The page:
Enabling long term value added partnership in the healthcare industry
Author(s)Duarte Oliveira, Jorge Miguel dos Santos Fradinho
Massachusetts Institute of Technology. Engineering Systems Division.
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The USA healthcare industry has recently undergone significant pressure to become competitive and think innovatively due to its increased growth as a percentage of the GDP, which was as much as 14. 1% in 2001. Additionally hospitals are faced with an estimated nursing shortage of 600,000 by 2020, and with an aging patient base that demands better quality at a lower cost. Specifically, hospitals tie up as much as 35% of their budgets in inventory and in the required labour to manage it. Moreover, future improvements will necessarily require a solution beyond statistically sound inventory policies and software packages. The contribution of this thesis is to provide an analysis of "Long Term Value Added Partnerships" and their role in enabling innovative and trust based vendor - hospital inventory supply relationships as a suggestive solution for the healthcare industry. The study included two hospitals leading the way in such relationships with a leading healthcare vendor in the USA market. The conducted literature review helps understand the benefits and implications of attempting to establish long term value added partnerships in the healthcare industry. From describing the pressures and the traditional mindset of hospitals towards inventory practices, the study moves on to explain two inventory management methodologies widely used across different industries, and it finally provides an account of the drivers and potential pitfalls of strategic alliances which are information intensive in nature.(cont.) The research framework is followed by a detailed description of the methodology used while conducting field observations, 47 interviews and data analysis of the visited hospitals. Subsequently the research findings are presented and supported by graphical representations of both the soft and hard data collected. Finally the thesis conclusion is given in the form of a list of recommendations to be adopted by both healthcare vendors and hospitals.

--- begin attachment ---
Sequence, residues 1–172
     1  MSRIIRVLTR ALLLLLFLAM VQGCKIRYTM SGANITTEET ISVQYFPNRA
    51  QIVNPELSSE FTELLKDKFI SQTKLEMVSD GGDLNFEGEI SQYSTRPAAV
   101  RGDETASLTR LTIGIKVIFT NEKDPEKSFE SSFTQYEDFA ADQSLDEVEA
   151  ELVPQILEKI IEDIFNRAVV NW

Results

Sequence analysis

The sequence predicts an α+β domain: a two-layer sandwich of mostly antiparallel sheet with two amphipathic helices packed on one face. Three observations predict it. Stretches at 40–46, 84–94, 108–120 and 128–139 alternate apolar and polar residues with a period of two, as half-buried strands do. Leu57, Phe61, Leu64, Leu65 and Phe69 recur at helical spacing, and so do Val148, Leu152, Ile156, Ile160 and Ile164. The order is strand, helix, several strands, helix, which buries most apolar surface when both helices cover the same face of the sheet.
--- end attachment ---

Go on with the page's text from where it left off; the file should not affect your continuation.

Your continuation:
Thesis (M. Eng. in Logistics)--Massachusetts Institute of Technology, Engineering Systems Division, 2005.Includes bibliographical references (leaves 84-94).
DepartmentMassachusetts Institute of Technology. Engineering Systems Division.
Massachusetts Institute of Technology
Engineering Systems Division.